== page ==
Swimming with whale sharks in Mexico
Although whale sharks have enormous mouths with about 4,000 tiny teeth, they feed mainly on plankton and microscopic plants. (Michael Aw/LPI)
Everybody knows you go to Honduras' Bay Islands to swim with whale sharks. Well at least everybody who loves the ocean, loves diving and has the complete box set of Jacques Cousteau on DVD.
But the small, funky island of Isla Holbox – a tiny spit of sand just a day’s travel from the glitzy (and slightly chintzy) Mexican resort city of Cancún – is an equally great spot to swim with the biggest fish in the sea, and the island is an attraction in its own right.
The waters surrounding Isla Holbox are slightly muddier than those found to the south, along the Caribbean coast of Quintana Roo, but the reward is an island paradise where people get around by golf-cart and your biggest worry of the day is whether to walk to the end of the island for bird watching, hang out in a hammock or cruise out with your buddies for a day of whale watching. Lucky for you, it is easy enough to fit all of these into a couple of days on the island.
A day with whale sharks is unlike anything you will have ever experienced. From July to September (July is the best month) a couple of thousand of these big boys come to feed off the plankton-rich seas. Once you are in the water, face to face with a 15-ton, 15m-long giant, the rest of the world seems to fade away. Their grace, colourful spots (some folks even call them “dominoes”) and unworldly bulk take you back to the time of dinosaurs and leviathans.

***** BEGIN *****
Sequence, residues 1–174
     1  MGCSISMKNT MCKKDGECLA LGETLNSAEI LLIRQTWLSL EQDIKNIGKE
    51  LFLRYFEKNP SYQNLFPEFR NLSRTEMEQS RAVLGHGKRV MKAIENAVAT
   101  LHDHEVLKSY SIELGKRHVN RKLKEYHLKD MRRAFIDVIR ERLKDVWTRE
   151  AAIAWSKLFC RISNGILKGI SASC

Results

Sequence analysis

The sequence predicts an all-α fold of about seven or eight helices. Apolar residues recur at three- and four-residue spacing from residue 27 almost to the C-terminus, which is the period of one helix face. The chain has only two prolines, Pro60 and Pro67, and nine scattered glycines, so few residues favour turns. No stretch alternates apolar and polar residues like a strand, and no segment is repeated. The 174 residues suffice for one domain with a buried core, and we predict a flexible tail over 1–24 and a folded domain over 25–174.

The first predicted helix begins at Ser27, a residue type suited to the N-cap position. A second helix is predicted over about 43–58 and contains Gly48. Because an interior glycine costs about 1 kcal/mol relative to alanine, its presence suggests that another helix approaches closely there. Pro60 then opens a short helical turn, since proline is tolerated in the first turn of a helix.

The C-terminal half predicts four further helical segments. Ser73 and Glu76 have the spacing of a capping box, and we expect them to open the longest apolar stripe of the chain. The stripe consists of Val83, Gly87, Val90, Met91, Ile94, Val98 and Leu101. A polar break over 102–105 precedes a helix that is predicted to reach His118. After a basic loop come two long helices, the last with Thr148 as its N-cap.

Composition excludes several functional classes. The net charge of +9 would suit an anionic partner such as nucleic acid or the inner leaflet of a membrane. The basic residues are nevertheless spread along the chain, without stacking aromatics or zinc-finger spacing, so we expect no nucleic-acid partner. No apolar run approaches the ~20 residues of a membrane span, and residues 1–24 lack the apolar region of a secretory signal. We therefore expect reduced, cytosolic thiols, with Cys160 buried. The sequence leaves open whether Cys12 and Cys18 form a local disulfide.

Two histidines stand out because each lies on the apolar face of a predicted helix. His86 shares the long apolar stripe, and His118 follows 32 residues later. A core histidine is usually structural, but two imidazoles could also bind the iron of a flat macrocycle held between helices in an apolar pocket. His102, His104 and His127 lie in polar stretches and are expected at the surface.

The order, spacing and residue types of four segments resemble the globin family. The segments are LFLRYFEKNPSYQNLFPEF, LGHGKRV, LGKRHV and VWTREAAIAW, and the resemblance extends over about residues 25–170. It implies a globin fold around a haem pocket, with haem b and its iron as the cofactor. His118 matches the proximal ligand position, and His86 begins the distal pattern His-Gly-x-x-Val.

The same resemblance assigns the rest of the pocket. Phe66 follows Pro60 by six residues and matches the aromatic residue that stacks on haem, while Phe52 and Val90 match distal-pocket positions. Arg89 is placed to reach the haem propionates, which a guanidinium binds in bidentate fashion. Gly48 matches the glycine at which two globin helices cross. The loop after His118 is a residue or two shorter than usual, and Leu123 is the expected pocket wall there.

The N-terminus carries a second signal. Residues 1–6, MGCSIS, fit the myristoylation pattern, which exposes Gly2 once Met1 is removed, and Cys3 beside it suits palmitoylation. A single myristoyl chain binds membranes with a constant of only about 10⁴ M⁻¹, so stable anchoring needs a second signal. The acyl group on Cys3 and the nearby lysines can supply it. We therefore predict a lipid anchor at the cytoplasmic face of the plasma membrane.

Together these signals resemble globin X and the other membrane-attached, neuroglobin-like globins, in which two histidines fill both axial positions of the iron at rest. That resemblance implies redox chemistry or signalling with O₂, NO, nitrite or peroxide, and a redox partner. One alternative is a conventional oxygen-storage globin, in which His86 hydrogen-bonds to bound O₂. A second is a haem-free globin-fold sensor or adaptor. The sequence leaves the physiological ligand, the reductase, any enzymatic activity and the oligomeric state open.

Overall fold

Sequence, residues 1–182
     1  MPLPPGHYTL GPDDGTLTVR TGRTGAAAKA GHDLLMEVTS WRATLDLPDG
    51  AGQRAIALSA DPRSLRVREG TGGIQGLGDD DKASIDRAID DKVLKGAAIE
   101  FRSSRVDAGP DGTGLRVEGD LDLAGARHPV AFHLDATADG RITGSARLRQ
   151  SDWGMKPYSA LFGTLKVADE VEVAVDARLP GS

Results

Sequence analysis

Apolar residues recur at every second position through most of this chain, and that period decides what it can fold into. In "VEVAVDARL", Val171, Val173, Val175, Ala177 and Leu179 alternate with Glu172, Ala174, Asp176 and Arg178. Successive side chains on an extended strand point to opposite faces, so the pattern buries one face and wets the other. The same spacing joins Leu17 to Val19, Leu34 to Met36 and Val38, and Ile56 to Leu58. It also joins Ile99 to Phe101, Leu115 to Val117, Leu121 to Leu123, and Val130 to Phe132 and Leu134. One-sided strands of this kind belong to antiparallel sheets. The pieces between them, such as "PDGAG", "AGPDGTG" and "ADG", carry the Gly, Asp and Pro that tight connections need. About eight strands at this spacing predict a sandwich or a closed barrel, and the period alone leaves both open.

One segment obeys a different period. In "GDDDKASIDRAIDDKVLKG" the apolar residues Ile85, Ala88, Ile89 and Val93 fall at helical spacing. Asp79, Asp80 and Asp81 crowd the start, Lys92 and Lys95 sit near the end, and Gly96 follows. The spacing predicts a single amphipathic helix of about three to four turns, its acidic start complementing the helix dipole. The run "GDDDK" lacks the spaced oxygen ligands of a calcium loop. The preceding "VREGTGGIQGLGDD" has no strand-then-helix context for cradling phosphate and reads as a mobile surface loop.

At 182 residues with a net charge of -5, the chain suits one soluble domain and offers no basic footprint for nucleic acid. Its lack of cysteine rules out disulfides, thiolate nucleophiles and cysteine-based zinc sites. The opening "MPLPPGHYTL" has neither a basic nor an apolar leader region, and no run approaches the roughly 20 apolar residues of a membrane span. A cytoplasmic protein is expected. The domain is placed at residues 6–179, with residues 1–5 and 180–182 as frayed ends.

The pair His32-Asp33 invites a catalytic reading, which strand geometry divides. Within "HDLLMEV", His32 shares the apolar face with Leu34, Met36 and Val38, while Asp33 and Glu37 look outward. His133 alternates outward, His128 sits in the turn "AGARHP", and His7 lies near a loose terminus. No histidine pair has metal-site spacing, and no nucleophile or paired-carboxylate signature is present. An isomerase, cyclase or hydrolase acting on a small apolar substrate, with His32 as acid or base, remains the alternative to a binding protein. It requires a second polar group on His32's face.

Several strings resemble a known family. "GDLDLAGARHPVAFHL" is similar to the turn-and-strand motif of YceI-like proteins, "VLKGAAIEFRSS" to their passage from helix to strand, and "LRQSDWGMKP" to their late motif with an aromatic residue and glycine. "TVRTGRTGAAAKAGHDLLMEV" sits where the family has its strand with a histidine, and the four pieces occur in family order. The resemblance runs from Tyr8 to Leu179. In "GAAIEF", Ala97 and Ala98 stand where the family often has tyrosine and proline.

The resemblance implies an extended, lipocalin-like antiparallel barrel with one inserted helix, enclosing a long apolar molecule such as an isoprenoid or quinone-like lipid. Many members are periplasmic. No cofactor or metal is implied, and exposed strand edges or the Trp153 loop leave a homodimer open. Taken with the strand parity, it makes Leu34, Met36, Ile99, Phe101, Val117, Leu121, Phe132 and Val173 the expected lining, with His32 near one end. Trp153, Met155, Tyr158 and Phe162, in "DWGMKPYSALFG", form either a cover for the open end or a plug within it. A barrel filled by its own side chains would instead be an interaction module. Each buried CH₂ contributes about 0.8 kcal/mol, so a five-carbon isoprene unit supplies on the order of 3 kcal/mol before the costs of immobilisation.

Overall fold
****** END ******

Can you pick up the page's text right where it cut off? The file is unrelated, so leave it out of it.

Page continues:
And while such close interactions with wildlife is definitely a delicate topic, local tour operators have teamed up with the World Wildlife Fund to create some best practices for the tours. Visitors are required to wear a life jacket or wetsuit, you cannot feed the fish or submerge yourself beneath them, only three people (plus a guide) are allowed in the water at one time, and, no, you cannot catch a ride on their fin.
On your way back to the island, ask your guide if you can stop for a snorkel. If you are lucky, you may spot a manta ray soaring through the shallow depths.
Eats, treats and sleeps
It sometimes feels as if there are more Italians living on Holbox than on Italy’s own Amalfi Coast, and you will find good Italian cuisine, as well as fantastic seafood and international offerings in the small town centre (you can walk end to end in less than 10 minutes). Los Pelícanos and the Buena Vista Grill are island favourites. Carioca’s is a good spot for sunset cocktails. And when it comes to bedtime, head over to the Hostel Ida y Vuelta for digs on a dime or splurge on the refined beachside resort at Casa Sandra.
Photos & videos
San Miguel de Cozumel